verb (used with object)
verb (used without object)
- clotted cream,
- clotting factor,
- cloud banner,
- cloud base,
- cloud chamber,
- cloud computing,
- cloud cover
- in a condition of absent-mindedness; lost in reverie.
- impractical: Their schemes are usually up in the clouds.
Origin of cloud
Examples from the Web for cloud
An innovative gift is the Qardioarm, a blood pressure monitor that records readings and uploads them to the cloud.
The FSLN-controlled legislative assembly approved the mega-project under a cloud of secrecy in a record seven days.China’s Nicaragua Canal Could Spark a New Central America Revolution|Nina Lakhani|November 30, 2014|DAILY BEAST
Eric lobbies for an industry of benign usefulness, non-partisan in nature, and over which no cloud of serious controversy looms.
Google, the Great Meddler in the Cloud, asks why we would resist strapping cameras and televisions to our heads.
That brings us back to the cloud system monitored by the Cassini mission between July 20 and 22.
I expect my arrival at the office will be the signal for a cloud of dust in which he will disappear, heading for the first train.The Opened Shutters|Clara Louise Burnham
The star of his genius mounted, without a cloud to obscure it, in the firmament of the Church.The Lives of the Saints, Volume III (of 16): March|Sabine Baring-Gould
The cloud of blessing floats over our heads, but we fail to stretch forth the electric rod of prayer to fetch it down!The Hart and the Water-Brooks;|John R. Macduff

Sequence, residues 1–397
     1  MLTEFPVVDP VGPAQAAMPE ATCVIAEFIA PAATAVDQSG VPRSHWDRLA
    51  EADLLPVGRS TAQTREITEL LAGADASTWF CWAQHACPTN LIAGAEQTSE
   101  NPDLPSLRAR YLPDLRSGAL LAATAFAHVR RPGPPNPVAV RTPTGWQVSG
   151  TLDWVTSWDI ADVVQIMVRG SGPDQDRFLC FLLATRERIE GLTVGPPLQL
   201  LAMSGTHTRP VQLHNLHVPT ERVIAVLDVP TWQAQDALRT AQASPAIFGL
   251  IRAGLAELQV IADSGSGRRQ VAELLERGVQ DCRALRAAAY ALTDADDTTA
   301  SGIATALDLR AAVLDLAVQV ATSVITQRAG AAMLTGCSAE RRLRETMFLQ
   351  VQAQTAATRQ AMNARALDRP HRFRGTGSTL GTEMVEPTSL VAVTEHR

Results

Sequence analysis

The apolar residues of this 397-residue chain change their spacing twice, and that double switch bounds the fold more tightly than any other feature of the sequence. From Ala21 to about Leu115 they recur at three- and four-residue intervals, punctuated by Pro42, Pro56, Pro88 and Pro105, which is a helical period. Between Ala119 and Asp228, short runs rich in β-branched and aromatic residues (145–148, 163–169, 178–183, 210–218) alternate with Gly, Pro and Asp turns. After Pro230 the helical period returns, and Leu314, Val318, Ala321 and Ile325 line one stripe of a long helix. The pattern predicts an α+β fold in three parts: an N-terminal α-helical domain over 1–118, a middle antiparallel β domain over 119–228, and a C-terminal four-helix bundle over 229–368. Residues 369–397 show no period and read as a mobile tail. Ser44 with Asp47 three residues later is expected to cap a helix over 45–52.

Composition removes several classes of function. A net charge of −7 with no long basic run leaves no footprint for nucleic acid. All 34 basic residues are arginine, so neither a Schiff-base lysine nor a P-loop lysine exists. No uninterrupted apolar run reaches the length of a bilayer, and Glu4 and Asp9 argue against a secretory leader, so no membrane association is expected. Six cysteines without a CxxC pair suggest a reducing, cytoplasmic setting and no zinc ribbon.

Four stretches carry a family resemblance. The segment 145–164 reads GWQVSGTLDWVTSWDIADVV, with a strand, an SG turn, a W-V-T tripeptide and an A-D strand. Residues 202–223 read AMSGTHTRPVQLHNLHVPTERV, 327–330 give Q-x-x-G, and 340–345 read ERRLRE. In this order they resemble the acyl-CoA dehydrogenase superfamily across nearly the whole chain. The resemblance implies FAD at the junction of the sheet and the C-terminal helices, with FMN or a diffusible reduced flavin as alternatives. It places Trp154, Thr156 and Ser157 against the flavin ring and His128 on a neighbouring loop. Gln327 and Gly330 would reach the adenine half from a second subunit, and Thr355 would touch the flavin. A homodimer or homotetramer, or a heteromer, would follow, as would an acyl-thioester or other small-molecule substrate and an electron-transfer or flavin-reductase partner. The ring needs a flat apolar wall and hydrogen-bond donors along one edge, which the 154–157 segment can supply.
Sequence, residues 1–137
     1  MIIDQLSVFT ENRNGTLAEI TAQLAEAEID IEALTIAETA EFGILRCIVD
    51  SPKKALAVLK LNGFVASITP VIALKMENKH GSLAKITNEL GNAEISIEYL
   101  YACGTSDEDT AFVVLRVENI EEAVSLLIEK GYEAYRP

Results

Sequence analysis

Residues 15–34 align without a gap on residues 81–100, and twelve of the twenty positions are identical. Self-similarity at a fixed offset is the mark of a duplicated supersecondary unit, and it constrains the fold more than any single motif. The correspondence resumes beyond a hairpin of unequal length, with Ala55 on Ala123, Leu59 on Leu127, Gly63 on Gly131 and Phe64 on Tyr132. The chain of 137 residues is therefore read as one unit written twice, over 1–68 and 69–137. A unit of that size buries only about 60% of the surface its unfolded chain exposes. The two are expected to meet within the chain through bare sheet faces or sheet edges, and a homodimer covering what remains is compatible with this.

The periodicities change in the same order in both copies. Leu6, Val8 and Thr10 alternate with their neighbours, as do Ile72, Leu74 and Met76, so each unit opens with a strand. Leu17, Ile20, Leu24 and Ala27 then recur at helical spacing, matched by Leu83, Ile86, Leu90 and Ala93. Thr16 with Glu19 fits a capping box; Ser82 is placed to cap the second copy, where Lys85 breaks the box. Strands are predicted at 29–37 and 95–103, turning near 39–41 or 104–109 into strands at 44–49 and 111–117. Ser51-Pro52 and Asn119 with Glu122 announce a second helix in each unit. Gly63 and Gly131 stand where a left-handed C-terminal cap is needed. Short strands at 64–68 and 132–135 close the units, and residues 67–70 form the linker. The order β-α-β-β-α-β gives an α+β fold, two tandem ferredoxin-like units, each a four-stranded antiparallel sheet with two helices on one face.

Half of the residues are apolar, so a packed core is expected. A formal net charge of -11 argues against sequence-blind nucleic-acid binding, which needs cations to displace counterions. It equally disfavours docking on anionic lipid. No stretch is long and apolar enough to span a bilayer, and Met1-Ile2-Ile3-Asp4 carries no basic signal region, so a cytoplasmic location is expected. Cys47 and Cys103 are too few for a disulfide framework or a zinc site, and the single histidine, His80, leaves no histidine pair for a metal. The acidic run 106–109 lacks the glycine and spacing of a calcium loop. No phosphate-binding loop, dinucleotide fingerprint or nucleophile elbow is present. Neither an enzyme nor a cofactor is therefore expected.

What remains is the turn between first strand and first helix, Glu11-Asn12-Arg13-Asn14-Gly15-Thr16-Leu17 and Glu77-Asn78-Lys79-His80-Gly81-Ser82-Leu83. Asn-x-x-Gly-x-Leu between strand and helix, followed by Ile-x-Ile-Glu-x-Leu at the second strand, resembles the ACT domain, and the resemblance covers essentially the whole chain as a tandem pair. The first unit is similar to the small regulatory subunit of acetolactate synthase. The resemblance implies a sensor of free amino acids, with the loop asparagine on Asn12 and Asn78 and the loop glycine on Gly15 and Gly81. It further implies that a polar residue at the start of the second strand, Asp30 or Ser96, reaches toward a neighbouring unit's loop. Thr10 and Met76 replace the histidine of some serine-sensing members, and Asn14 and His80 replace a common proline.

They tell me that vapours rise up from the land and lie above it like a cloud.The House Under the Sea|Sir Max Pemberton
He sent out a cloud of tobacco smoke and set back his shoulders.The Tempering|Charles Neville Buck
- under reproach or suspicion
- in a state of gloom or bad temper
Word Origin for cloud
Old English clud "mass of rock, hill," related to clod. Metaphoric extension to "raincloud, mass of evaporated water in the sky" is attested by c.1200 based on similarity of cumulus clouds and rock masses. The usual Old English word for "cloud" was weolcan. In Middle English, skie also originally meant "cloud."
The four fundamental types of cloud classification (cirrus, cumulus, stratus, nimbus) were proposed by British amateur meteorologist Luke Howard (1772-1864) in 1802. Figuratively, as something that casts a shadow, from early 15c.; hence under a cloud (c.1500). In the clouds "removed from earthly things; obscure, fanciful, unreal" is from 1640s. Cloud-compeller translates (poetically) Greek nephelegereta, a Homeric epithet of Zeus.
early 15c., "overspread with clouds, cover, darken," from cloud (n.). From 1510s as "to render dim or obscure;" 1590s as "to overspread with gloom." Intransitive sense of "become cloudy" is from 1560s. Related: Clouded; clouding.
In addition to the idioms beginning with cloud
- cloud over
- head in the clouds
- on cloud nine
- silver lining, every cloud has
- under a cloud